Sunday, August 06, 2017

Z is for Zevon

Warren Zevon was 56 when he died in 2003 but his songs have such a wicked sense of humor that I’m including him anyway. He was way cooler than I will ever be and frankly - I’m okay with that.

Y is for Yates

Paula Yates was 40 when she died of a heroin overdose in 2000. She was famous pretty much for being famous but her credits included being married for almost 10 years to rocker Bob Geldof. The closest I've come to Sir Bob is occasionally belting out "I Don't Like Mondays" - un-creatively enough - on Mondays.

X is for Malcom

Complicated political figure Malcom X was 39 in 1965 when he was assassinated in New York City. This quote is attributed to him and holds a lot of water given today’s politics: "You're not to be so blind with patriotism that you can't face reality. Wrong is wrong, no matter who does it or says it."

W is for Wilde

No one has ever asked me this question, “if you could have any celebrity, living or dead, to your house for dinner who would you choose?” If anyone did ask, I might answer, Oscar Wilde. It’s true that I haven’t read Walden but I have read “The Picture of Dorian Gray.”
Oscar Wilde died in 1900 at age 46, three years after being imprisoned for “gross indecency with men.” Arresting and jailing someone because they are gay seems about as far-fetched as having a portrait in one’s attic that becomes aged, old, and ugly, while its owner stays ever youthful.

V is for von Richthofen

WWI Flying Ace Manfred von Richthofen, otherwise known as the Red Baron, was 25 when he was killed over France in 1918. His death was a severe blow to German war morale. I myself am afraid to fly. Technically he belongs under the letter “R” but I really wanted to include Gilda Radner.

U is for Uncle

Uncle Buck (aka John Candy) was 43 when he died in 1994. Who didn’t love John Candy? John Candy was born in Ontario in 1950. I too have Canadian ancesetry.

T is for Thoreau

Henry David Thoreau was only 44 when he died in 1862. His book “Walden; or, Life in the Woods” was published in 1854. It has never been out of print. I confess that I've started but never finished "Walden" but I’ve been to the pond.
Thoreau would have turned 200 this year.

S is for Sutcliffe

Stuart Sutcliffe was the original bass player for the Beatles. He left the band to pursue a career as a painter but died when he was just 21 of an aneurysm. It’s debatable, really, whether he accomplished more in his life that I have thus far, hell I’ve painted and strummed a guitar but until I started researching for this list the only ex-Beatle I’d heard of was Pete Best who is still very much alive.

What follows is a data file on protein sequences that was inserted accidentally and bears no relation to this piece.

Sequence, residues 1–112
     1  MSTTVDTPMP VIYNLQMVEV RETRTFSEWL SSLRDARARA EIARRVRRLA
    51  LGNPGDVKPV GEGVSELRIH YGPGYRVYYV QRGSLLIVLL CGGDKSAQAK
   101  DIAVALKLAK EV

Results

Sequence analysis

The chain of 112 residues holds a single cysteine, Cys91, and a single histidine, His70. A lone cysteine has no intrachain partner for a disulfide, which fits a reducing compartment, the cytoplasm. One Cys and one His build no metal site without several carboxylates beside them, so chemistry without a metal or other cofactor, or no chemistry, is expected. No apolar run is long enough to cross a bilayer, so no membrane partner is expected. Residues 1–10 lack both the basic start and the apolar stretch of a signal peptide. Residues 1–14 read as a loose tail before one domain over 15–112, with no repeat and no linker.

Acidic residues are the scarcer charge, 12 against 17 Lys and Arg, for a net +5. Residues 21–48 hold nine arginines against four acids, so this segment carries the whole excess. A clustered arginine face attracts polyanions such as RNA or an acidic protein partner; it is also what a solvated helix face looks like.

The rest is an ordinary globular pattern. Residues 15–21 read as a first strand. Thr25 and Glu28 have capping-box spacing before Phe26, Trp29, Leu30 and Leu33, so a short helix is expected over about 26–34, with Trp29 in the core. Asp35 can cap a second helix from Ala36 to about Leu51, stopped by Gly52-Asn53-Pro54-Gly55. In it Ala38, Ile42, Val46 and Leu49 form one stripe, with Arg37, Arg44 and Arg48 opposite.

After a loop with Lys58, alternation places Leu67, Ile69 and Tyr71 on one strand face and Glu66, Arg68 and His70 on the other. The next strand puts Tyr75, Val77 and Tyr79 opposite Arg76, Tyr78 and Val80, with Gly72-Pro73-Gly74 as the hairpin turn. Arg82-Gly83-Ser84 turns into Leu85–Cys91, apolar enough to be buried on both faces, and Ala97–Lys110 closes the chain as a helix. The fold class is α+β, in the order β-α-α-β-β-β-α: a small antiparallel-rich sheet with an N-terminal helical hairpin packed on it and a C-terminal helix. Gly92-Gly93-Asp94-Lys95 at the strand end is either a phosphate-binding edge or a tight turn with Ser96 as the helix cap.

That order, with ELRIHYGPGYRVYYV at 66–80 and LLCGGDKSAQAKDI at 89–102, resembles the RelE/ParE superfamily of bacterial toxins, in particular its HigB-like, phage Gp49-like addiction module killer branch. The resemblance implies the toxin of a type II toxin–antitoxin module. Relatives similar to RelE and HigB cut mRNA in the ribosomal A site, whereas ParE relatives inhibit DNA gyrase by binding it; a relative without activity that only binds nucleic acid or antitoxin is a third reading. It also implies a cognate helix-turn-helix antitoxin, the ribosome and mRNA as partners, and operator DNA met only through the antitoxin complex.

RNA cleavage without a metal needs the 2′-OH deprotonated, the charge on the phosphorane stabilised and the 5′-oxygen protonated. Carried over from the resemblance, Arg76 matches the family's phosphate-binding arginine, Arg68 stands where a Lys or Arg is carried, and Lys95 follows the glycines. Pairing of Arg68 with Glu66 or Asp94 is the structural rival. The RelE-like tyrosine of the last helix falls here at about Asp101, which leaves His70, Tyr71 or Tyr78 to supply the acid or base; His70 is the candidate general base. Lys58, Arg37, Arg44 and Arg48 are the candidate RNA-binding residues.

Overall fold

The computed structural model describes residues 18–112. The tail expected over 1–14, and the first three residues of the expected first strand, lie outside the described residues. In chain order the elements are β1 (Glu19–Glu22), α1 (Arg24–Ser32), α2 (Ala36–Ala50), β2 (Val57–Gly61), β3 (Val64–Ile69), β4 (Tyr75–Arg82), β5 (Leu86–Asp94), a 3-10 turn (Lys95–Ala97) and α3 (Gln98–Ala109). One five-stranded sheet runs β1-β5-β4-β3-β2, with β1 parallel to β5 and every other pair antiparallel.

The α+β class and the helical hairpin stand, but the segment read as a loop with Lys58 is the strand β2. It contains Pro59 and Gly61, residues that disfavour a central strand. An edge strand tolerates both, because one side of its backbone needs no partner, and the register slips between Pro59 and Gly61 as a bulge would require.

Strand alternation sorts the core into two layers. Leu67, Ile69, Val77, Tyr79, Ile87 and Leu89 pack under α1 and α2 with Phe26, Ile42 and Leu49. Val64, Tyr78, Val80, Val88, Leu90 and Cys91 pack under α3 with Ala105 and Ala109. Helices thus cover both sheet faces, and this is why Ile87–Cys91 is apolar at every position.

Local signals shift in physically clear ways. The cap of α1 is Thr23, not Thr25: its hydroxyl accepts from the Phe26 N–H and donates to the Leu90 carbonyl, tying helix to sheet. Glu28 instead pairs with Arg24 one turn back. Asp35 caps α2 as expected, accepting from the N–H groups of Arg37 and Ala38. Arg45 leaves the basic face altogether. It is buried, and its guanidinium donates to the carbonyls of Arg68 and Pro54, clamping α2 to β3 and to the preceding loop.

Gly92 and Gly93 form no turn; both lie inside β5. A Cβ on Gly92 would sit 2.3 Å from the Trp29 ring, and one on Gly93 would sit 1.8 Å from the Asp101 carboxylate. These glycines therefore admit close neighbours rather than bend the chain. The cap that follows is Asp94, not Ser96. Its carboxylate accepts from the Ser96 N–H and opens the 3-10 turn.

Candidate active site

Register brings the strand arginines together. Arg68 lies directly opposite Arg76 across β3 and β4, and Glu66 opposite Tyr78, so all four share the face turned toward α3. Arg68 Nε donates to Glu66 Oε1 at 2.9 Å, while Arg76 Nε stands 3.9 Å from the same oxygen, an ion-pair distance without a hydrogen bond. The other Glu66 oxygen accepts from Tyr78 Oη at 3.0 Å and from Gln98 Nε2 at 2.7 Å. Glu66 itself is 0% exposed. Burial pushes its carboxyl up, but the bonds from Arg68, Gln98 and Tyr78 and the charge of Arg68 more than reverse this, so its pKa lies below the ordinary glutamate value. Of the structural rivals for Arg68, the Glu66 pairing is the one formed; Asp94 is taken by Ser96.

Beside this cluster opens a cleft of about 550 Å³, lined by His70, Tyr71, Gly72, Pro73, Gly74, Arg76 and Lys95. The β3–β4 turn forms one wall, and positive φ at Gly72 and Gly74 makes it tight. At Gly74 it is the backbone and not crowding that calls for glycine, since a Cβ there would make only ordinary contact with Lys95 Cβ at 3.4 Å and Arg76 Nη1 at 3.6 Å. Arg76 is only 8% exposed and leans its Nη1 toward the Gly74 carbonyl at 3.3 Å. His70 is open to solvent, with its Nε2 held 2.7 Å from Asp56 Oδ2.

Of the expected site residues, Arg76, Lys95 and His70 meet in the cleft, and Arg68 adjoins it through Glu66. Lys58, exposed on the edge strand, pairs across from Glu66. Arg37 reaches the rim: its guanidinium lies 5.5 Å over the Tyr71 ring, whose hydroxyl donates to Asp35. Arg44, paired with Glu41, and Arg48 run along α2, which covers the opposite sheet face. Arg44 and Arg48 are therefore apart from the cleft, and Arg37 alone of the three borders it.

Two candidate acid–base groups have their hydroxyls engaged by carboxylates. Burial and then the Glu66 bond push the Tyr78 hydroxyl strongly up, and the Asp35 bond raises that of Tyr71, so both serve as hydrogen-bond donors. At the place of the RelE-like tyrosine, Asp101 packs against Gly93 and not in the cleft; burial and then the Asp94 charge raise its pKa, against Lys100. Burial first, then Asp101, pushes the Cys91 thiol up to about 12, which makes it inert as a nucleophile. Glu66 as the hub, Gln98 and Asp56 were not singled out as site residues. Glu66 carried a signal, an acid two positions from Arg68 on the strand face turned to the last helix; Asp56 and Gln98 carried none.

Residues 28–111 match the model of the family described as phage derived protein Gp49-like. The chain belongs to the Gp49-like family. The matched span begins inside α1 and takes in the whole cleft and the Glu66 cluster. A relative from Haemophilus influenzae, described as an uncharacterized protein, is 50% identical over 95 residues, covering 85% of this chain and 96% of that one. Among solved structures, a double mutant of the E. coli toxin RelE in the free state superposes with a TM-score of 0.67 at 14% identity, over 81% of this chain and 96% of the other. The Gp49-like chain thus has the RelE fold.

My favorite Beatles song is "In My Life."

R is for Radner

It's always something.
Comedian Gilda Radner was 42 when she died of ovarian cancer in 1989. I enjoyed her character Roseanne Roseannadanna on Saturday Night Live even though I knew a few people who took my name and dubbed me “Roseanne Roseannadanna Joanna Briana.“

Q us for Queen

Queen Nefertiti was 40 when she died in 1330 BC. She was married to the pharaoh Akhenaten who ruled during one of the wealthiest periods of Egyptian history. It’s rumored that after Akhenaten’s death she ruled Egypt herself before the accession of King Tut. You go girl!

P is for Phoenix

According to Wikipedia, River Phoenix’s work included 14 films and television appearances and yet he only lived to be 24. My personal favorite was Phoenix as Chris Chambers in “Stand By Me,” which hit the screens in the summer of 1986 while I was deep into my Stephen King phase. “The Body” was one of King’s rare - non-scary - works.

O is for Orwell

George Orwell died of tuberculosis in 1950 when he was 46 years old.
I read both “Animal Farm” and “1984” in 1992, when I was 24.